Study Hard. Study Smart.

kolbyKolby Ledbetter served as the Orientation Leader for undeclared students for the past three years. He is a senior from Marshall, TX and is majoring in English with a concentration in Rhetoric, Writing, and Culture. He is involved in LSU Ambassadors, Student Government, the STRIPES program, and is a former Supplemental Instructor for the Center for Academic Success. His favorite spot on campus is the first floor of Middleton Library, across from CCs.”


Hey tigers and tiger families!
Everyone’s ~favorite~ week in October is right around the corner. Midterms.
This is my seventh round of midterms coming up, so here are a few pieces of advice from a graduating senior on how to destroy those midterms like Miley Cyrus on a wrecking ball.

#1: Start studying NOW.
Can you tell me the basic concepts that you covered in your classes during the first and second weeks of school? How about how those concepts connect to what you’re learning this week?
Every day, after every class, just that 15 minutes to debrief the information you learned. Reviewing it while it’s fresh on your mind will help you compartmentalize it and organize it better.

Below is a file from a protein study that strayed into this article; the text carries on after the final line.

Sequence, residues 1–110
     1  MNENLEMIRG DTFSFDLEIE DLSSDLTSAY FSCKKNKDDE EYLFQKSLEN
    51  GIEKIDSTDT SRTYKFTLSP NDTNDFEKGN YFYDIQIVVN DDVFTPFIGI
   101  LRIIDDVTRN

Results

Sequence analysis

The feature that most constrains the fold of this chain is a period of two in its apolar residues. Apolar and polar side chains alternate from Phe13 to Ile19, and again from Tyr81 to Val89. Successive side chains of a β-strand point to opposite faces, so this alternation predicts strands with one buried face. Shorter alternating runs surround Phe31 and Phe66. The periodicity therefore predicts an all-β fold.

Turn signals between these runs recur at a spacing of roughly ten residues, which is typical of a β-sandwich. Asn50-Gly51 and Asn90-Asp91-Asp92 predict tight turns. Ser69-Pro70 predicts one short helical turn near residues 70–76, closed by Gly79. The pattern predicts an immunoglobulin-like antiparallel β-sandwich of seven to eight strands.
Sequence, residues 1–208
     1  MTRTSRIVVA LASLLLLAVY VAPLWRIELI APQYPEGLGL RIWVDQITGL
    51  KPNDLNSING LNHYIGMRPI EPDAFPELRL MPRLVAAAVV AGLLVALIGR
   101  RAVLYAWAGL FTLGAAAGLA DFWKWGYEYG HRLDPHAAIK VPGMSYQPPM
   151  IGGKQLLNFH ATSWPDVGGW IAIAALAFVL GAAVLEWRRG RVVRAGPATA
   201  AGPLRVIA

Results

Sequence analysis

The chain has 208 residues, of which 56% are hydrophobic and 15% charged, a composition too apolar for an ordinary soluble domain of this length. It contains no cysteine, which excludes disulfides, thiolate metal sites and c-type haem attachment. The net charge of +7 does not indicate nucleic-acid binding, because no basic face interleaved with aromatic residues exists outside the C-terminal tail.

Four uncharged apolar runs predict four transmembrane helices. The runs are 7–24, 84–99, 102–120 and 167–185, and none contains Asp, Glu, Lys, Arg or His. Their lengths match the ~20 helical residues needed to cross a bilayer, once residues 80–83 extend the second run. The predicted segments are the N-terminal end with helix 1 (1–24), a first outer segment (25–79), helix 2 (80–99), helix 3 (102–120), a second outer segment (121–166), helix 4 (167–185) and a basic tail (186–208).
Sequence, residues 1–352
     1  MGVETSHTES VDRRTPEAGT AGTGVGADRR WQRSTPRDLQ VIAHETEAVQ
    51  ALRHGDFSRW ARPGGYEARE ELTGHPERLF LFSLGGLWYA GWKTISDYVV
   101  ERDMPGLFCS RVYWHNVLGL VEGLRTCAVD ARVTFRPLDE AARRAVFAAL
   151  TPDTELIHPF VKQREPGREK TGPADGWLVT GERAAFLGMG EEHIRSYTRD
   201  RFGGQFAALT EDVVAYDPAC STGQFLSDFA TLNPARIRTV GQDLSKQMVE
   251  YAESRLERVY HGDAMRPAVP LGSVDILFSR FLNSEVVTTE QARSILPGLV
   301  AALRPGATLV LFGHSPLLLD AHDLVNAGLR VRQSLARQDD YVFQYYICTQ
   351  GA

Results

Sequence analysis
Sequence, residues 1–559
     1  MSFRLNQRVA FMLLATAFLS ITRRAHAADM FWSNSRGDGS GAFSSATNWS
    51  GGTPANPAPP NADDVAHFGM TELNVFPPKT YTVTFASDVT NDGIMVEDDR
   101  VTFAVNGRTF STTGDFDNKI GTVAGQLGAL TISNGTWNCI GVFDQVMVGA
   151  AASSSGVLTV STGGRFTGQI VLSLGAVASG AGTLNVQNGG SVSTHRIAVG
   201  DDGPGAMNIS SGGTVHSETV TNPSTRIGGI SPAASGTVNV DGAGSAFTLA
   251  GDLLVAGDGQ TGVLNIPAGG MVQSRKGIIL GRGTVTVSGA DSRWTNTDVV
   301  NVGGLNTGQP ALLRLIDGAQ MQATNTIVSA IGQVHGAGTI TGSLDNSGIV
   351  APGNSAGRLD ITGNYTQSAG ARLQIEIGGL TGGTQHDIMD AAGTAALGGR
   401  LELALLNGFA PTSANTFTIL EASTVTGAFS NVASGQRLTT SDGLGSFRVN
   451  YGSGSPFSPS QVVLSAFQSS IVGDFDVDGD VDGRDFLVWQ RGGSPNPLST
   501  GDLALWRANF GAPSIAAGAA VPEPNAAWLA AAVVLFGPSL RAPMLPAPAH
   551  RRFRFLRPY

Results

#2: Do not pull an all-nighter in Middleton.
I know the CCs is open until midnight, and that is truly wonderful. They have muffins. Believe me. I understand.
But putting your mind and body through the stress of an all-nighter, drinking huge amounts of coffee, and staying in one spot for hours is not going to get you anywhere. Not only is it bad for your body, it’s bad for your working memory, an apparatus in your brain that moderates between what is going on around and what information has already been stored in your mind.
Coming from a former (okay, current) procrastinator, start early and get sleep. Sleep is so important and beds are so comfy. Get at least 6-8 hours of sleep before those tests. Your body, your mind, your sanity will all thank you later.

#3: Study in chunks and give yourself breaks.
I’m not suggesting that you study for 15 minutes and reward yourself with an episode of Parks and Rec. But keep in mind that your brain might work better in sprint-and-rest mode. Not marathon mode. Give yourself chunks of times that are for a break and find something constructive to do – walk around for a minute or text a family member that you love them.

Lastly – take advantage of the resources around you. If you look at something now and don’t understand it, visit the Center for Academic Success in Coates or Middleton, email your professor or TA, visit office hours, and go to SI sessions. These programs are put on campus to help you succeed. You pay for them, so take advantage of that fact!

Most importantly, remember that your value and worth is not defined by a number or letter that you get in a class. If this midterms week doesn’t go well for you, remember that there is always time to bounce back. Making mistakes is okay. Our brains are wired to work that way!

Good luck tigers!


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